While Cheritz’s most recent game, Mystic Messenger, looks like pretty much dating sim you’d download on Android, it quickly turns the tables with a relatively simple game mechanic. Most dating sims operate on a “turn” system; you get so many turns, each of which progresses the story, and when you run out, you have to wait until the next day to get more turns (unless you pay for them, which is how the games make money). Unlike other dating sims, MM occurs in real-time. After you start the game, chats open up as time progresses, to the extent that if you don’t start the game at midnight, there’s no way to complete everything to 100%. Here’s the kicker though, if you don’t respond to a chat by the time another chat starts (the time of which varies), you miss out on participating. (Unless you buy it separately, which is how this game makes its money).
So why would MM deviate from tradition ways of framing dating sims? Simply put, it keeps players playing their game. In a tradition dating sim, you play for a day and when you’re out of turns, you quit. Maybe you come back the next day, but there’s no guarantee that you do. The story cannot progress without you, so it’s not a problem. In MM though, the story will go on. The characters will chat with each other, even if you aren’t present. There isn’t any taking a break for a few days, because a few days could cost you the entire game. Even missing a conversation could ruin your attempts to romance whichever character you choose. As a result, the game encourages a sort of “drop-everything” type of play. This keeps players engaged with the game. It’s aided by the fact that each new message received sends a notification to your phone, which leads to a constant checking of the device or the game to ensure that you aren’t missing anything.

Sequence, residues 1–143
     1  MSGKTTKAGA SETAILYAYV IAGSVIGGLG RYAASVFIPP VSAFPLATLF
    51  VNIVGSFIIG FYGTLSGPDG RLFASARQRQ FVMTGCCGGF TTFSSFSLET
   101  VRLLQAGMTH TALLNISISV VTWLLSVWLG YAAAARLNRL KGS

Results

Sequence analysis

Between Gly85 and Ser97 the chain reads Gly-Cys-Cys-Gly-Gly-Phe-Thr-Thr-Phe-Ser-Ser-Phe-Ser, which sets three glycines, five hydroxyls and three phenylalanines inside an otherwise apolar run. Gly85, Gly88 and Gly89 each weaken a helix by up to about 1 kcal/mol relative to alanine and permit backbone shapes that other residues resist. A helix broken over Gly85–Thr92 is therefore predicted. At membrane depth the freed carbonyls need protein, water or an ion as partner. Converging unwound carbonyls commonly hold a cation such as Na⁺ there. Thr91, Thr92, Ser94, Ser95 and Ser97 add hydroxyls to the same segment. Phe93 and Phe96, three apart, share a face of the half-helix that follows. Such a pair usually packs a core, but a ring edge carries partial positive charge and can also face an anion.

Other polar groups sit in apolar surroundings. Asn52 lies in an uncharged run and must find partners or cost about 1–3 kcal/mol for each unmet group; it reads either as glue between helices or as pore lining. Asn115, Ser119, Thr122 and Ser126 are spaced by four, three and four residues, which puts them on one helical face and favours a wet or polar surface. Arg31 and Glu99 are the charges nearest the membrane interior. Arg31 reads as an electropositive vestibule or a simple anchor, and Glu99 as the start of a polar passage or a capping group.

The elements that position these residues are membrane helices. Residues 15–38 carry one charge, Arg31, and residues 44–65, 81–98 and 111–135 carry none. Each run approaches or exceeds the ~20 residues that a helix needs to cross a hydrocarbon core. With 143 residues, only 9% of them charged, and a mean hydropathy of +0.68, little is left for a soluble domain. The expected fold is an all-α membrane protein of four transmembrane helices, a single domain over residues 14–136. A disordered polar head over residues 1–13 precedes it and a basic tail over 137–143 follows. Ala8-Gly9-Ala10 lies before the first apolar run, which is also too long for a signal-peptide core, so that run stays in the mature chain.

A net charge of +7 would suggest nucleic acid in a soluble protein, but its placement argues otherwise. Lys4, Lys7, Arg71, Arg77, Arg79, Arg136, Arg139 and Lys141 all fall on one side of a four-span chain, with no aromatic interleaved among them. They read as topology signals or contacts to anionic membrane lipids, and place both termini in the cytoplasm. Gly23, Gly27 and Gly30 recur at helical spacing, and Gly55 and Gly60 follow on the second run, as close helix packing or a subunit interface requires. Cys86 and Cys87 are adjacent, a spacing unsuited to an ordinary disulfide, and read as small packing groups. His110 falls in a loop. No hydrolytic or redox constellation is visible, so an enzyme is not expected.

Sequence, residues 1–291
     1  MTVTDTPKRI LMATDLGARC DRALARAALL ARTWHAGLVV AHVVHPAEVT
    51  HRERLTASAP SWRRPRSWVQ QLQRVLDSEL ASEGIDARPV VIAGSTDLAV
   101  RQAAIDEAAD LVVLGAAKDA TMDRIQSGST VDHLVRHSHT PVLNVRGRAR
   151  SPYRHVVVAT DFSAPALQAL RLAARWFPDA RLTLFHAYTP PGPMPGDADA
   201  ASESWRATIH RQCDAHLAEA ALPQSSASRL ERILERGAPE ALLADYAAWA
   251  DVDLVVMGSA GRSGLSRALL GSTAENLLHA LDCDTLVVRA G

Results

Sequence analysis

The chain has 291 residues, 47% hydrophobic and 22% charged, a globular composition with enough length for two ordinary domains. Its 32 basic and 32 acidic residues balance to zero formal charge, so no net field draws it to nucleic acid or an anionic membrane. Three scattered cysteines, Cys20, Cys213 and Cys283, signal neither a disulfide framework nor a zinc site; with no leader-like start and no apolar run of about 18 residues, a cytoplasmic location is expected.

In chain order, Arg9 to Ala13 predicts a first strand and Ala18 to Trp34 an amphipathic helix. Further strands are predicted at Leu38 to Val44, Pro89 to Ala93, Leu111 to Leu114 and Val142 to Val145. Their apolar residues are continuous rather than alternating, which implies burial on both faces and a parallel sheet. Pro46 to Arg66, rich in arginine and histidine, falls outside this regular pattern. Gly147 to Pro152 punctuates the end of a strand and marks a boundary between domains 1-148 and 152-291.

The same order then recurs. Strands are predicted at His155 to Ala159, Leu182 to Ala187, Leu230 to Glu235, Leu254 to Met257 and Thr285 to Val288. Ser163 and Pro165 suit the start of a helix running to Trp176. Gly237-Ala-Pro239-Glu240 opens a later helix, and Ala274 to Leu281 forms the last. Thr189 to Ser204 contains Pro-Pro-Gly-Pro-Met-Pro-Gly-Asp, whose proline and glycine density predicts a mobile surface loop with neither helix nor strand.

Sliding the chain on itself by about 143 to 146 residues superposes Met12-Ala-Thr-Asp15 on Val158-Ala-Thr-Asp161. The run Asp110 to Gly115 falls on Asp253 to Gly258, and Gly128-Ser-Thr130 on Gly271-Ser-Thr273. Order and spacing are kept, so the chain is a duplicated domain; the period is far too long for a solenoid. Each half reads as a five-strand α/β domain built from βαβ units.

Given that the game takes place over the course of 11 days, if the player wants to play through every romance (just good endings) that guarantees at least 55 days of consistent playing, which is probably more than many AAA games out there. Essentially, real-time serves as function to both keep players playing, or alternatively for less avid players, to get them to pay money in order to complete the game.